Tuesday, September 22, 2009

getting what you want

You don’t always get what you need when you need it, but sometimes you do. Other times, you don’t even know what you need and then somehow what you need finds you anyway.

I met my husband 8 years ago today. It was 11 days after September 11, 2001, when the world felt chaotic and troubled, unstable and unclear. It seemed like we were all trapped in one of those glassine phone booths with papers flying around us - everyone was trying to find something to grab onto.

I was not affected in the way that many others were by 9/11, in that I do not know anyone who died or was injured that day. I watched it unfold on TV, from the safety of my small town in Athens, Ohio. I viewed it with the same disbelieving horror as so many others, listening to hours and hours of coverage on NPR hoping it would somehow help me understand how this could happen. I remember Noah Adams’ voice cracking as he read a transcript of one of the calls from flight 93. I sat in the living room of my parents’ home, all of us in stunned silence watching far too much footage of the Towers collapsing.

I did not lose anyone I knew that day, only a piece of myself - the part of me that was always a bit afraid to fly but did it anyway. I spent countless hours imagining the experience of the people on the planes, much to my own detriment. I haven’t flown since, a battle I hope is not yet over.

I had kind of sworn-off men when I met Brian - I was coming out of a long relationship that ended badly, wanting to focus for once on my own needs and charting my own course. I almost didn’t join my friends who went to see a band play at Casa Nueva that night - it was a Saturday night, I’d already had a long day. I had just started a new job, was in that place where your new coworkers are still people you’re just getting to know and your old ones are friends you miss and need to see regularly. But, for some reason, I went. And, as they say, the rest is history.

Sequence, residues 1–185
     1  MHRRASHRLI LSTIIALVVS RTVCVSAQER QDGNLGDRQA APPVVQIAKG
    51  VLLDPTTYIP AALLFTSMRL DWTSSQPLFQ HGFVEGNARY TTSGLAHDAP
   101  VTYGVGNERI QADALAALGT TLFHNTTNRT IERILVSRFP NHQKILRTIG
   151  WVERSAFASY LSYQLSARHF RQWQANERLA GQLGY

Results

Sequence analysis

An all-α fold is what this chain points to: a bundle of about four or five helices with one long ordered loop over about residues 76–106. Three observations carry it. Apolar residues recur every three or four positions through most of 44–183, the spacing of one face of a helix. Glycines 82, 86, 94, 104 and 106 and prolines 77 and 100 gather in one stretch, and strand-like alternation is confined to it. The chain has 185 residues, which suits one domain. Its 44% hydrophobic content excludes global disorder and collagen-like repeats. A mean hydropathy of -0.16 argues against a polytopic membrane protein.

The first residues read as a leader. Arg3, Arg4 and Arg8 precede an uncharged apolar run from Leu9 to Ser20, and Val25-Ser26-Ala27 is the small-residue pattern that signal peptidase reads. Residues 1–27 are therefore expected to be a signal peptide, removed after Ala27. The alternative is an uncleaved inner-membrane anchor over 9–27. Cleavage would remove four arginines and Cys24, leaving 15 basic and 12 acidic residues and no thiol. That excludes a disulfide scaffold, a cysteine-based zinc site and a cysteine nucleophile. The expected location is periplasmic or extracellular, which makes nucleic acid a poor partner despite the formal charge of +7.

We got engaged on my birthday two years later, and were married 6 months after that. It was a wonderful time - full of excitement and newness and passion - and one of great challenge as well. We didn’t live together until we were married, a decision I still believe was right for us. Our first year of marriage saw us through some great upheaval - graduate school, my mother’s illness and death, decisions made about career and future. There were times when I truly wondered what I had been thinking, and times when I felt so incredibly happy I didn’t know how I could ever be happier.

Having a child certainly threw a wrench in things, more than either of us could have imagined. While we both love Isadora with an intensity that is overwhelming, we also have both seen our marriage change in ways that have not always been happy. The process has taught me that, like everything else in life, marriage is cyclical. There will be ups and there will be downs, and the one constant is - must be - each other. I’m sure that having a second baby will throw everything out of whack again, but I hope we have learned some things in the process of becoming parents to Dora that will help us through those challenges.

In spite of the challenges we’ve had, I can think of many, many times that I was so, so happy that Brian was the one by my side. Of course, it is easy to think of the difficult times that he has seen me through - losing my mom, battling my own internal demons, changing relationships with other family members, helping friends through difficult times. When Dora was about 4 months old, we thought she might have a seizure disorder. She had a few strange episodes that no one could explain. She had to have an electro-encephalo-gram - a very non-invasive but still disconcerting procedure. I cannot imagine having had anyone else stand by me while I lay next to Dora on a hospital bed, her tiny head covered by a cap with hundreds of little electrodes and wires protruding from it.